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Forgiveness in a caress

· The Pope's Mass at Santa Marta ·

In his homily at Holy Mass on Monday, 7 April, Pope Francis reflected on the day’s Readings from the Book of the Prophet Daniel (13:1-9, 15-17, 19-30, 33-62) and the Gospel of John (8:1-11). The Pope introduced his comments by noting that: “today’s readings speak to us about adultery” which together with blasphemy and idolatry was considered to be “an extremely grave sin in the Law of Moses” that was punishable by death. Adultery, the Pope said, “is contrary to the image of God and to God’s fidelity” for “marriage, in addition to being a human reality, is the symbol of God’s faithful relationship with his people”. Thus, “when marriage is ruined through adultery, it sullies God’s relationship with his people”. At the time, it was considered to be “a grave sin” because “is sullied the symbol of the relationship between God and his people, of God’s fidelity”.

In the Gospel passage, the Evangelist John recounts the story of the woman caught in adultery. Here, the Pope said, “we encounter Jesus seated among many people ... teaching”. As he was teaching, “the scribes and Pharisees approached him bringing a woman forward, perhaps with her hands bound.... Placing her in the midst, they began accusing her: she is an adulteress!”. They were making “a public accusation”. The Gospel says that they then asked Jesus a question: “What ought we to do with this woman? You speak to us about goodness, yet Moses told us that we must kill her!”. The Pope explained that “they were saying this in order to put him to the test, to have a reason to accuse him”. For, “if Jesus has said ‘yes’ — go ahead with the stoning”— it would have provided them the opportunity to say to the people: “but this is your good teacher, look what he has done to this poor woman!”. If instead “Jesus had said: poor woman, forgive her!”, then they could accuse him “of not fulfilling the law”.

Their sole objective was “to put [Jesus] to the test and to trap him. The woman didn’t matter to them; the adulterers didn’t matter to them”. Indeed, the Pope said, “perhaps some of them were adulterers themselves”. For his part, although there were many people around, “Jesus wanted to remain alone with the woman, he wanted to speak to the woman’s heart: it was the most important thing for Jesus”. And “the people slowly went away” after they heard the words: “Let him who is without sin among you be the first to throw a stone at her”.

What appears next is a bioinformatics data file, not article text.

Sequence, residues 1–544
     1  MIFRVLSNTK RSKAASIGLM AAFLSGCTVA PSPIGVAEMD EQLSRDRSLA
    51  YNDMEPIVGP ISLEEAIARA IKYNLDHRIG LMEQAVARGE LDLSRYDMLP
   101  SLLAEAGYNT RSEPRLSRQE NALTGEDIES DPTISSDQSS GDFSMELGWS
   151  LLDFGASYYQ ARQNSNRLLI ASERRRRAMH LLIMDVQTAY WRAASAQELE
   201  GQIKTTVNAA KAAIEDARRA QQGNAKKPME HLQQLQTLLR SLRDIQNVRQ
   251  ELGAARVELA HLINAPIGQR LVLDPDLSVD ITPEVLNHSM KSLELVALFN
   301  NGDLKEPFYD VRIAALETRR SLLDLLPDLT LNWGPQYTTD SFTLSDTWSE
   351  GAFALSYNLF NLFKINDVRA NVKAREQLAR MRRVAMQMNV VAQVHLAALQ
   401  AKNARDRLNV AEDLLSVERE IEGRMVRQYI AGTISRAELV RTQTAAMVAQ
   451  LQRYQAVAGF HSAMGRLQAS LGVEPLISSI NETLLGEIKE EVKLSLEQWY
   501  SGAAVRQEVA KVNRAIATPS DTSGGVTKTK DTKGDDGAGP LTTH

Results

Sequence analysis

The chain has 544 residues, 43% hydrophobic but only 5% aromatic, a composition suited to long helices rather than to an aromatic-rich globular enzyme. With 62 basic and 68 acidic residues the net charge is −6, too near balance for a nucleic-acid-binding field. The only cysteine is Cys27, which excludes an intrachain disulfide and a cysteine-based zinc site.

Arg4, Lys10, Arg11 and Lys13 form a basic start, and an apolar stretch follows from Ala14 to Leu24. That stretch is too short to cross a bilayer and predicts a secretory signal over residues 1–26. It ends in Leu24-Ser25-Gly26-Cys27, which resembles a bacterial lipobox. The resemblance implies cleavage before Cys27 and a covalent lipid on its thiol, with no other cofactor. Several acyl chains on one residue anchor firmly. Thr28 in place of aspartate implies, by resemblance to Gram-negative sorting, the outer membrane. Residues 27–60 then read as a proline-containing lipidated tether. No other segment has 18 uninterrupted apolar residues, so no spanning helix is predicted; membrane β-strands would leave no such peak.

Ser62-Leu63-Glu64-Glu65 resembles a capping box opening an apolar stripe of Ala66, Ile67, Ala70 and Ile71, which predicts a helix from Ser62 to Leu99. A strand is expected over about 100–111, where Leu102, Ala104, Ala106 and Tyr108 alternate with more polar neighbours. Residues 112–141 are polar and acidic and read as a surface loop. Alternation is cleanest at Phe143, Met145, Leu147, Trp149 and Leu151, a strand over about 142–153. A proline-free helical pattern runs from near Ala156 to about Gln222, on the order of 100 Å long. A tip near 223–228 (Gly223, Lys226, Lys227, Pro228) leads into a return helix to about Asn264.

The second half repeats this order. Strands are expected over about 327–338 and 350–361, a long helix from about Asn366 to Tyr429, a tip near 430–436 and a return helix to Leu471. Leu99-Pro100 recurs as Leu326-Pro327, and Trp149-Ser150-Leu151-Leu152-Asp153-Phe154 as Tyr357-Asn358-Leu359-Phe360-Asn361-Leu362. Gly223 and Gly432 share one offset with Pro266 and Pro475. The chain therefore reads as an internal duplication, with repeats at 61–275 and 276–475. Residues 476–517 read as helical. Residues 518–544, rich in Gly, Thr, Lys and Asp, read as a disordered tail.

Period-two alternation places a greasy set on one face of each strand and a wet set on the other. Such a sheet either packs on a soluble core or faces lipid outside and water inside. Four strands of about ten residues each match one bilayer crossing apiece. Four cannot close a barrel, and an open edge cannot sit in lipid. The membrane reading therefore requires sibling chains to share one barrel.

“With a certain irony, the Gospel says that everyone went away, one by one, beginning with the elders: it’s evident that they had a big debt against them in the bank of heaven!”, the Pope remarked. Then comes “the moment of Jesus, the Confessor”. He was left alone with the woman standing before him. Meanwhile, “Jesus was bending down and was writing with his finger on the ground. Some exegetes say that Jesus was writing the sins of the Pharisees and scribes”. Then “he got up and looked” at the woman, who was “full of shame and he said to her: Woman, where are they? Has no one condemned you? We are alone, you and I. You are standing before God, without accusations, without gossip: you and God”.

The woman does not claim to be the victim of “a false accusation”, she does not defend herself, saying: “I didn’t commit adultery”. No, “she acknowledges her sin” and she responds to Jesus, saying: “No one has condemned me, Lord”. Then Jesus says to her: “Neither do I condemn you; go, and do not sin again, in order not to pass through a time of disgrace, in order not to experience such shame, in order not to offend God, in order not to sully the beautiful relationship between God and his people”.

“Jesus forgives. But there is something more here than forgiveness. For as a confessor Jesus goes beyond the law, for “the law said that she had to be punished”. Indeed, as the Pope noted, Jesus “was pure and could have throne the first stone”. But he “went beyond this. He doesn’t tell her that adultery is not a sin, but he doesn’t condemn her with the law”. This, the Pope said, is “the mystery of Jesus’ mercy ... in being merciful Jesus” goes beyond “the law which commanded that she be stoned”. “Mercy,” the Pope explained, “is something which is difficult to understand: it doesn’t eliminate sin” since “it is God’s forgiveness” that does this. “Mercy is the manner in which God forgives”. For “Jesus could have said: I forgive you, go! As he said to the paralytic: your sins are forgiven!”. In this situation, however, “Jesus goes further” and counsels the woman “to sin no more”.

“How many of us would deserve to be condemned! And it would also be just. But he forgives!”. How? “With this mercy”, which “does not eliminate sin: it is God’s forgiveness that eliminates it”, while “mercy goes goes beyond”. Pope Francis then compared God’s mercy to the sun: “we look at the sky, the many stars, but when the morning sun comes, we don’t see the stars. Such is the mercy of God: it is a great light of love, of tenderness”. For “God doesn’t forgive with a decree but with a caress”. He forgives by “caressing the wounds caused by our sins because he is involved in forgiveness, is involved in our salvation”.

This is Jesus’ style as a confessor, the Pope concluded. He does not humiliate the adulterous woman, “he does not say to her: what did you do, when did you do it, how did you do it and with whom did you do it!”. Instead, he tells her “to go and sin no more: God’s mercy is great, God’s mercy is great: forgiving us by caressing us”.

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